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I just don't understand why this Yes/No loop will not work. Any suggestions? Given the input is "Y". I just want it to run the loop, then ask for Y or N again. If Y, print success, if N, print a good bye statement. What's the reason?

int main(){
    char answer;
    printf("\nWould you like to play? Enter Y or N: \n", answer);
    scanf("%c", &answer);
    printf("\n answer is %c");
    while (answer == 'Y'){
        printf("Success!");

        printf("\nDo you want to play again? Y or N: \n");
        scanf("%c", &answer);
    }
    printf("GoodBye!");
    return 0;
}
share|improve this question
1  
what happens when you run it? – Keith Nicholas Sep 5 '13 at 3:20
    
you know when it asks you the question you have to type: Y<Enter> it doesn't work on keypress – Keith Nicholas Sep 5 '13 at 3:20
    
I will add "not work" means it executes the whole program and prints goodbye without giving me the chance to answer "Y" or "N" again and execute the loop again. – user2232926 Sep 5 '13 at 3:22
    
@Keith, I didnt know tht – user2232926 Sep 5 '13 at 3:23
    
can you explain? – user2232926 Sep 5 '13 at 3:24
up vote 1 down vote accepted

fixed the various issues

#include <stdio.h> 
int main(){
char answer;
printf("\nWould you like to play? Enter Y or N: \n");
scanf(" %c", &answer);
printf("\n answer is %c\n", answer);
while (answer == 'Y'){

printf("Success!");

printf("\nDo you want to play again? Y or N: \n");

scanf(" %c", &answer);
printf("\n answer is %c\n", answer);

}
printf("GoodBye!");
return 0;
}
share|improve this answer
    
thanks a lot!! You got it perfect. Ive researched a while for this straight simple answer everywhere and you answered it perfectly. That damn extra space before the %c. Like I told Hao, I tried to upvote but aint got the rep yet. Sorry. Great response though! – user2232926 Sep 5 '13 at 3:46
    
you should have the rep now, and you should be able to accept the answer – Keith Nicholas Sep 5 '13 at 3:52
    
what am I supposed to make of "incompatible implicit declaration of built-in function ‘printf’" when I compile? Program still works perfect, but are these a worry? – user2232926 Sep 5 '13 at 4:26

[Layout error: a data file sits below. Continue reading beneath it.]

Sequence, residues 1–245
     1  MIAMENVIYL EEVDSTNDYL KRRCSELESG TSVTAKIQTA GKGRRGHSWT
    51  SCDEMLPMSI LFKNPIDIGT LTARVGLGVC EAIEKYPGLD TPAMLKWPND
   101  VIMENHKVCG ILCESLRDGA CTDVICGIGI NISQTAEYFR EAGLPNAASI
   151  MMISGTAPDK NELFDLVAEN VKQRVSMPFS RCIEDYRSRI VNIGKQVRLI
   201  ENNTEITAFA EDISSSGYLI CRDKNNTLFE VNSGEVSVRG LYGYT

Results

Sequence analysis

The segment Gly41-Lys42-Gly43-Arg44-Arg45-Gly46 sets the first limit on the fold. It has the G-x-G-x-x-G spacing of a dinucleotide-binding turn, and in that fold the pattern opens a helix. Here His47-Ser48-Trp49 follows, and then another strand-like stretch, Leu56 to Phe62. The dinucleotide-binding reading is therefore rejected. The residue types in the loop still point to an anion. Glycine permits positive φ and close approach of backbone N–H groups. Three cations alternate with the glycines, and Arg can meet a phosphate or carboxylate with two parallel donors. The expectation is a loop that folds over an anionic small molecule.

at the top, add the line #include <stdio.h> – Keith Nicholas Sep 5 '13 at 4:46
    
you will also likely need stdlib.h and string.h as you go forward.... but basically that warning says we came across printf and guessed that it is a function using our default guess, but then when we linked it, we found the real function and its different, but because I'm C, I'll just let you do that and for the most it will work out, until it doesn't, then you'll have a bug thats really hard to find, especially if you are a noob – Keith Nicholas Sep 5 '13 at 4:50

Change the second scanf to:

scanf(" %c", &answer);
//     ^

The problem is, when you enter Y and press ENTER, the new line is still in the input buffer, adding a space before %c could consume it.

share|improve this answer
    
You were right on man! I tried to upvote your answer but I need a rep of 15. lol, sorry. Thanks for the help!! – user2232926 Sep 5 '13 at 3:44
    
When I have a loop of scanf, is it always a good idea adding a blank before % ? – Lidong Guo Sep 5 '13 at 4:21
    
@LidongGuo It depends. In most situations, it's better to avoid using scanf at all, use fgets to get the whole line and sscanf to get the contents. – Yu Hao Sep 5 '13 at 4:27
    
can fgets get a single char? – user2232926 Sep 5 '13 at 4:32
    
@GetKnighted It can only get the whole line, but you can then use sscanf to get the single char. The potential problem of scanf is, the user may not input what you expect him to input, which may cause problems. – Yu Hao Sep 5 '13 at 4:36

You can reduce the repetition in your code a bit, and check the result of scanf() (as you should) by writing:

int main(void)
{
    char answer;
    printf("Would you like to play? Enter Y or N: ");
    while (scanf(" %c", &answer) == 1 && answer == 'Y')
    {
        printf("Answer is %c\n", answer);
        printf("Success!\n");
        printf("Do you want to play again? Y or N: ");
    }
    printf("GoodBye!\n");
    return 0;
}

The first printf() lost the unused argument answer; the second printf() collected the necessary second argument, answer. Except for prompts, it is generally best to end printing operations with a newline (rather than use a newline at the start). Prompts will generally be flushed by the C library before the input from stdin is read, so you don't need the newline at the end of those.

Since printf() returns the number of characters it prints, you can use it in conditions too:

int main(void)
{
    char answer;
    printf("Would you like to play? Enter Y or N: ");
    while (scanf(" %c", &answer) == 1 &&
           printf("Answer is %c\n", answer) > 0 &&
           answer == 'Y')
    {
        printf("Success!\n");
        printf("Do you want to play again? Y or N: ");
    }
    printf("GoodBye!\n");
    return 0;
}

This always echoes the answer, even if the answer was not Y and the loop exits.

share|improve this answer
    
I F****** love the tips man!! Like I said, Im a total noob. Just trying to get my feet wet. Always love a great suggestion! Thanks bro! – user2232926 Sep 5 '13 at 3:54

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